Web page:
Researcher found dangerous apps in Samsung Galaxy Store

Malicious apps have infiltrated Samsung’s official app store, the Galaxy Store, and users are complaining about multiple Play Protect detections on their devices.

Android Police reported that the malware mimics the once popular pirate app ShowBox, which was shut down back in 2018 after a coalition of film studios identified its operator and sued him. ShowBox and its twin brother MovieBox gave users access to copyrighted movies and TV shows without paying a subscription.

Obviously, the scammers were betting on the former popularity of the pirated app, and the “clones” were indeed well received by the Samsung user community. The counterfeits were advertised as streaming apps, promising anonymous access to protected content through an integrated VPN. Interestingly, according to Android Police, at least some of these apps did deliver the promised pirated features.

According to the linuxct mobile security specialist, who noticed the problem, clone apps trigger Google Play Protect by requesting access to dangerous permissions that could lead to malware being installed on the device.

If the user grants the application all the permissions it needs, it gains access to contact lists, call logs, rights to execute code, download malware, click on ads, and so on.linuxct reported.

After analyzing apps from the Samsung Galaxy Store, linuxct discovered an adware technology that can be used to execute code remotely and can be abused to execute commands on a device. Unfortunately, a scan via VirusTotal revealed that not all antivirus solutions detect this malware, marking it as potentially dangerous programs, Trojans, adware, and so on.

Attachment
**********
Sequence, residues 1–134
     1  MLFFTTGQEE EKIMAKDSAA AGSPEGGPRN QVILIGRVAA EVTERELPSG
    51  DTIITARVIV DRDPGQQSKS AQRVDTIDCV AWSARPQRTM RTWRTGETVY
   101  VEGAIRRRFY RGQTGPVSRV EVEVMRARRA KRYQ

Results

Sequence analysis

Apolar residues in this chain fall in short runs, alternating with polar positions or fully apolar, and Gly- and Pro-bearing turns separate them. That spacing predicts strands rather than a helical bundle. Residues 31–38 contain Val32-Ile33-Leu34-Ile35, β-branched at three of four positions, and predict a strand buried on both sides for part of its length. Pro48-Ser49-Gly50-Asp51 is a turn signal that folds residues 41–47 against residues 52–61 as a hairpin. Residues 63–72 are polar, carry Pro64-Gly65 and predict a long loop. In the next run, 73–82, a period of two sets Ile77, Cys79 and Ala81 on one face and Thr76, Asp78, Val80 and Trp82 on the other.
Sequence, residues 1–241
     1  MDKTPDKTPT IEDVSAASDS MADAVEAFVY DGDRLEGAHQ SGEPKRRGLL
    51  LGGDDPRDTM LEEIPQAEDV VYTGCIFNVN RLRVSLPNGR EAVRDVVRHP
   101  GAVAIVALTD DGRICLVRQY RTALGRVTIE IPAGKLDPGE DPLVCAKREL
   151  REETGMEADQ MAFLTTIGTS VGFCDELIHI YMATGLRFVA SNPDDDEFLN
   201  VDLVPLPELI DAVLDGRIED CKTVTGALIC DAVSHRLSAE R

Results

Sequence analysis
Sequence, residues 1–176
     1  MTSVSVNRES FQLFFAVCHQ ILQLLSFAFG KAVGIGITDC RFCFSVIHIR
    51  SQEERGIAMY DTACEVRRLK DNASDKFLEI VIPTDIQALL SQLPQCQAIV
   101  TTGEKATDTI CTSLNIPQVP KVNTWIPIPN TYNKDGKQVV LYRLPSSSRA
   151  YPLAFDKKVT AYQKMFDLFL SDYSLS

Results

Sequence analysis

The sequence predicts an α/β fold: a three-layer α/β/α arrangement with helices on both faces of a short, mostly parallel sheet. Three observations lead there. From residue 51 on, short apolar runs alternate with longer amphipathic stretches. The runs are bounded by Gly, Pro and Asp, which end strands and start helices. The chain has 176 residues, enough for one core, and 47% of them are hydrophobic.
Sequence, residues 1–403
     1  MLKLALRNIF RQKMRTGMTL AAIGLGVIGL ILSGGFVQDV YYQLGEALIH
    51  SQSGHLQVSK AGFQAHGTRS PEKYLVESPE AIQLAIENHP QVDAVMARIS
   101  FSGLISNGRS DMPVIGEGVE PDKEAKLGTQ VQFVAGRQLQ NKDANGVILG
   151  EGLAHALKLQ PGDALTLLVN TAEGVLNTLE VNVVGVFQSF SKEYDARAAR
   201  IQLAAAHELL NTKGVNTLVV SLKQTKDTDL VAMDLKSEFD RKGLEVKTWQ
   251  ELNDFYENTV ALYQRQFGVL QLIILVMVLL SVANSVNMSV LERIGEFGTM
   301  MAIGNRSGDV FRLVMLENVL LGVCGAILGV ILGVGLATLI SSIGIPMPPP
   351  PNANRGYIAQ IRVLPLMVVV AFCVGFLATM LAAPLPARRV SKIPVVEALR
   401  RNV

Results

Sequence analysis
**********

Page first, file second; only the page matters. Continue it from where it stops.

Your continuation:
samsung galaxy store

The publication explains that from a legal point of view, Samsung should have rejected these applications at the stage of consideration due to the description of their functionality, however, the Samsung Galaxy Store only checks applications for malware and malicious behavior, and copyright infringement is not taken into account. Since the apps did not contain out-of-the-box malicious code, they were not considered dangerous and were allowed into the store.

Experts advise anyone who has installed one of the ShowBox clones through the Galaxy Store to uninstall the application immediately and run a full system scan to remove any potentially dangerous artifacts.

Let me remind you that we reported that Bugs in Apple Pay, Samsung Pay, and Google Pay allow unauthorized purchases, as well as that Researchers found on Google Play ad dropper that was downloaded more than 100 million times.

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Daniel Zimmermann

Daniel Zimmermann has been writing on security and malware subjects for many years and has been working in the security industry for over 10 years. Daniel was educated at the Saarland University in Saarbrücken, Germany and currently lives in New York.

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